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Fig. 3: aerial photograph of Tamdult mosque under excavation (note pillars, plaster floor and mihrab under excavation).Fig. 3: aerial photograph of Tamdult mosque under excavation (note pillars, plaster floor and mihrab under excavation).

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Fig. 4: fragments of carved plaster from the mosque at Tamdult (showing floral and recurring geometric patterns).


Fortified hilltop area

Another significant focus of excavations was the fortified hilltop area of Tamdult. In addition to seeking to understand the nature of the urban deposits in this clearly important area of the site, this was also seen to be an important area to establish the stratigraphy of the site more widely. An additional motivation for excavating in this area was the recovery of numerous coin-pellet mould fragments on the surface in this area of the site (Fig. 5), leading to the obvious assumption that this was the location of a mint; the detection of which would be of huge significance both in terms of understanding Tamdult and more widely in terms of broader understanding of early Islamic mints. A 10 x 5 metre area was excavated in the northern fortified area, located in relation to clear evidence of structural remains seen on the site surface (Fig. 6). This revealed a portion of an extensive complex of buildings. Preservation of structural remains and associated deposits was excellent. We recorded three construction levels across the excavation area, found over a depth of 1.5 metres. The excavations appeared to reveal multiple levels of buildings located either side of an alleyway running down the centre of the fortified area. The buildings featured both stone and mud-brick walls, while an interesting feature throughout the buildings was the presence of mud-brick floors (Fig. 7). Across the excavations significant evidence of metal-working was found, including a large quantity of a glassy slag previously recorded on the surface in the pilot season and noted as of interest. No coin-pellet moulds were found in the excavation, however, and the production phase associated with them therefore likely relates to a part of the building complex not yet excavated. Further significant finds included very well-preserved basketry, as well as fragments of decorated plasterwork with close affinities to the plasterwork recorded in the mosque. Soil samples were also taken for the purposes of archaeobotanical analysis.

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Fig. 5: surface collection of coin-pellet mould fragments within and around fortified area, recorded in abundance during the 2019 fieldseason.

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Fig. 6: aerial image of building complex under excavation (within fortified area on top of Tamdult mound).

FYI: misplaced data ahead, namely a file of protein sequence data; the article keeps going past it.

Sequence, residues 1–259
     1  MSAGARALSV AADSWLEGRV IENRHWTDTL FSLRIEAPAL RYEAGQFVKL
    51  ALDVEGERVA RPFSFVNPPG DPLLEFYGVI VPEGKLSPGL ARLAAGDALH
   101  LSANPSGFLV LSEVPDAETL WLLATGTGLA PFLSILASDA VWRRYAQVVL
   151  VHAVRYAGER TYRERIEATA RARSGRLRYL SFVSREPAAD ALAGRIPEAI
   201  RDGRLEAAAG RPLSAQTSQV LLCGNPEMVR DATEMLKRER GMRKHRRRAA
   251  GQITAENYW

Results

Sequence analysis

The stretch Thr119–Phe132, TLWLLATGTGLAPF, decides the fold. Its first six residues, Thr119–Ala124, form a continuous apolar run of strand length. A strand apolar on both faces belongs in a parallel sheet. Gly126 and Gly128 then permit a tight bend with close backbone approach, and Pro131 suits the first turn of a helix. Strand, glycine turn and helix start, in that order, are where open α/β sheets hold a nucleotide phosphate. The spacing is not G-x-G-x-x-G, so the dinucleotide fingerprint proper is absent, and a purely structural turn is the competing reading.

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Fig. 7: detail of excavation within the fortified hilltop area of Tamdult – section through room with mud-brick floor.


Lower town area

Another area of excavations was developed in the lower town (Fig. 2, 8). Given the close presence of this area to the mosque and the clear surface traces of streetways and buildings leading up to the mosque, this was seen to be an interesting area of the urban structure to understand. An additional feature making this an interesting area for excavations was the surface traces of a range of structural remains using both stone and a mortar fill. These were believed to be either associated with high-firing industrial activities or with activities associated with water, including potentially a hammam complex. The excavations were located in relation to surface traces of structural remains and upon investigation this area revealed a series of small cell-like rooms (Fig. 8). The structures revealed were partly in stone and partly in mud-brick. The excavations recorded three layers of occupation associated with these buildings recorded over ca 1metre, closely paralleling the stratigraphic picture seen in the hilltop area. The excavations also recorded clear evidence of in situ metal working. This included clear evidence of silver ore (galena) processing, not previously recorded at the site. Remains of burnt brick were also recovered, potentially relating to a nearby structure yet to be revealed (Fig. 9). Soil samples were also taken with a view to recovering botanical remains.

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Fig. 8: excavation of a complex of buildings in the lower town below the mosque area.

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Fig. 9: examples of fragments of fired brick excavated at Tamdult.

Wider Tamdult surface studies and drone survey